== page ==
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John Conner has lost his girlfriend, his job, a scholarship, and has been kicked out of college. Instead of retreating back to his parents' basement and a life of mediocrity and factory labor, he decides to stay the summer in the college town of Bloomington, Indiana.
On the lazy Indiana University campus, Conner explores the worlds of death metal, zines, no-budget radio, and slackerdom while trying to learn about women, deal with depression, and get his life back on course. While he works telemarketing jobs and hawks glowsticks as a street vendor in order to survive, he learns who his friends are in the strange mix of people left at the college for the summer. The atmospheric and descriptive narration weaves the hidden beauty of the Midwest and the crossroads of the early Nineties into a timeless story of the follies of youth.
Conner's ramblings through the desolation of an empty campus parallel the meaningless jobs he must take to scrape by while he decides whether to remain sequestered in the relative comfort of college living or leap into an unstable world fueled only by his own creativity.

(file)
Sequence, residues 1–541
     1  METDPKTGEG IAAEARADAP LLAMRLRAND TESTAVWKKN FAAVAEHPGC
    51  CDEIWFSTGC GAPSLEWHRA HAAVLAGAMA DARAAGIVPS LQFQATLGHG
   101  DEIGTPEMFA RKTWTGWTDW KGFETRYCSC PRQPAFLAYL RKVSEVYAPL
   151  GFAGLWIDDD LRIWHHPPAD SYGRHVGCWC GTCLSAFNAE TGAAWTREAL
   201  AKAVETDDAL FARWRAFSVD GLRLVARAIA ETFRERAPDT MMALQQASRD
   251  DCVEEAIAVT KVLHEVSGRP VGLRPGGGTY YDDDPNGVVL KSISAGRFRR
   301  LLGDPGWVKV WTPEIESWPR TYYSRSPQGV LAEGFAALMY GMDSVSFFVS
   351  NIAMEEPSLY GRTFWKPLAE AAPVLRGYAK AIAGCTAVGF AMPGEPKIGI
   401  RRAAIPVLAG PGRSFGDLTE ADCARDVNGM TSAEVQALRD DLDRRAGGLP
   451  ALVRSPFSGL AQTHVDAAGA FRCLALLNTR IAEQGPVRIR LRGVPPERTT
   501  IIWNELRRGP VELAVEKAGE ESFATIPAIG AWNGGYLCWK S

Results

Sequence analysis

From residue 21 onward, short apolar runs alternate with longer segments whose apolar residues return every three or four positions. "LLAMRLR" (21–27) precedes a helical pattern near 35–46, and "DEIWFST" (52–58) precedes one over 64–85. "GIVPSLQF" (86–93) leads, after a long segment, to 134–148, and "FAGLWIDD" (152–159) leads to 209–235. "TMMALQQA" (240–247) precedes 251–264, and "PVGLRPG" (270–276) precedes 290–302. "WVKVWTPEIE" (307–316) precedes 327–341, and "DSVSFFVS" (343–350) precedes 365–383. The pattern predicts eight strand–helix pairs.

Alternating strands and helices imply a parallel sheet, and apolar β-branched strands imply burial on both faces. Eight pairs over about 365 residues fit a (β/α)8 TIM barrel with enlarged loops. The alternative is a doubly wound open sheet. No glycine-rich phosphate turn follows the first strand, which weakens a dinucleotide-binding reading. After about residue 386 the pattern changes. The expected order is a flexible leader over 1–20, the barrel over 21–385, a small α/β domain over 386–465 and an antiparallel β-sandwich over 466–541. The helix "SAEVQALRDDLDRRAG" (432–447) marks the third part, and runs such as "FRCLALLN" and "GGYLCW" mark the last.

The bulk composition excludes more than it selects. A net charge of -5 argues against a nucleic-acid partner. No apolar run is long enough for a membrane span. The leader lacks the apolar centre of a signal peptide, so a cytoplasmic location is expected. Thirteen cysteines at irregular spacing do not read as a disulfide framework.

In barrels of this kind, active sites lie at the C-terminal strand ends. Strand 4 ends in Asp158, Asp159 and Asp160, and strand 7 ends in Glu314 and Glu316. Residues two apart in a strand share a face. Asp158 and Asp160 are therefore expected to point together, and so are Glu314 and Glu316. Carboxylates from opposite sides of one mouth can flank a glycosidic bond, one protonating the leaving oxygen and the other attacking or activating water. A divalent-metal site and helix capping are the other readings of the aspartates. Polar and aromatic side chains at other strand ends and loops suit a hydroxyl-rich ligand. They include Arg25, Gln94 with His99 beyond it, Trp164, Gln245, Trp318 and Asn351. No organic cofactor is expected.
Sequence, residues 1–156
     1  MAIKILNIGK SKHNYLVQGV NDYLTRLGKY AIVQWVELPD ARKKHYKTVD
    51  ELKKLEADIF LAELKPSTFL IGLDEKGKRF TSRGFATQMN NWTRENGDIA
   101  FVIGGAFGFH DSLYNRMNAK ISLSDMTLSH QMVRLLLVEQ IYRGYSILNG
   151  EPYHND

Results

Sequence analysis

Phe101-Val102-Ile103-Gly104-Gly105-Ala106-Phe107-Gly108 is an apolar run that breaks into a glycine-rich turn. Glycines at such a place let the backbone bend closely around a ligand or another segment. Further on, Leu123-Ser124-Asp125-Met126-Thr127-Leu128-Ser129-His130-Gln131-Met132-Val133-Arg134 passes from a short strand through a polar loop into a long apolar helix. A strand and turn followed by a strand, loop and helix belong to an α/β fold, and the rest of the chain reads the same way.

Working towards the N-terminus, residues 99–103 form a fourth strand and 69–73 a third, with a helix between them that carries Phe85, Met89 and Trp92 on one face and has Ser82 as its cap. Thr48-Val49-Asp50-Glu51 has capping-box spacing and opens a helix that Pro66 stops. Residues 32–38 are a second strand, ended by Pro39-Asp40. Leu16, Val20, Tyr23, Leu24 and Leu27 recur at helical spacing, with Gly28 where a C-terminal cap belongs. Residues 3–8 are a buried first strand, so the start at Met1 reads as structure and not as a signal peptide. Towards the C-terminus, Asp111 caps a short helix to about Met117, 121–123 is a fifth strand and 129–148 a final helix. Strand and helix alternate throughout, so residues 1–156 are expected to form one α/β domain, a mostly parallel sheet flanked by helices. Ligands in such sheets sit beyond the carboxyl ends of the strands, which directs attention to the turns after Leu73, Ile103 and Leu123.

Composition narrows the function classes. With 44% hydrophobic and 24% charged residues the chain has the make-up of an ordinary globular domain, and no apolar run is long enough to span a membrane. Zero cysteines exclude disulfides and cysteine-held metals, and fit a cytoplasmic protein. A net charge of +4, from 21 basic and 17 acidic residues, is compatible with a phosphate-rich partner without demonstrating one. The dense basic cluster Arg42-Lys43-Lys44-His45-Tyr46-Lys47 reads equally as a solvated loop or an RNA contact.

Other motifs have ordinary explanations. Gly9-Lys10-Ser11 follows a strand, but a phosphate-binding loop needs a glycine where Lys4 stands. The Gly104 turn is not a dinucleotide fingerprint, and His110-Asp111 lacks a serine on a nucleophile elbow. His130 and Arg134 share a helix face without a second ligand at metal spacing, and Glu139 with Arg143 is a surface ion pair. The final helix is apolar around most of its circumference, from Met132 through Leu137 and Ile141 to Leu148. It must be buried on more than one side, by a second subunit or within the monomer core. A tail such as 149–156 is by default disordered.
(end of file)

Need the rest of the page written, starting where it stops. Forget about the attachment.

The first edition was published by Writers Club Press in 2000. Writers Club Press is a division of iUniverse, which is ironically located in Bloomington. The original cover photo of Showalter Fountain was taken by David Gulbransen, but the cover design was done by the publisher, and Konrath always hated it.
In 2004, a second edition was released on Lulu Press; it contained a different cover (with the same picture), and was available in softcover and hardcover. The first and second editions are now out of print.
In 2012, a third edition was released by Paragraph Line Books, in both softcover print and Kindle versions, with a different cover. The e-book was also released by Smashwords for other platforms. The third edition cover image is of a VW Rabbit, but is not the car Konrath owned in 1992; it's actually a picture of a car he owned later in Seattle.
An earlier draft is in the Library of Congress; it is about 20,000 words longer and has a substantially different final third of the book. An earlier version of the short story was published in Air in the Paragraph Line #8.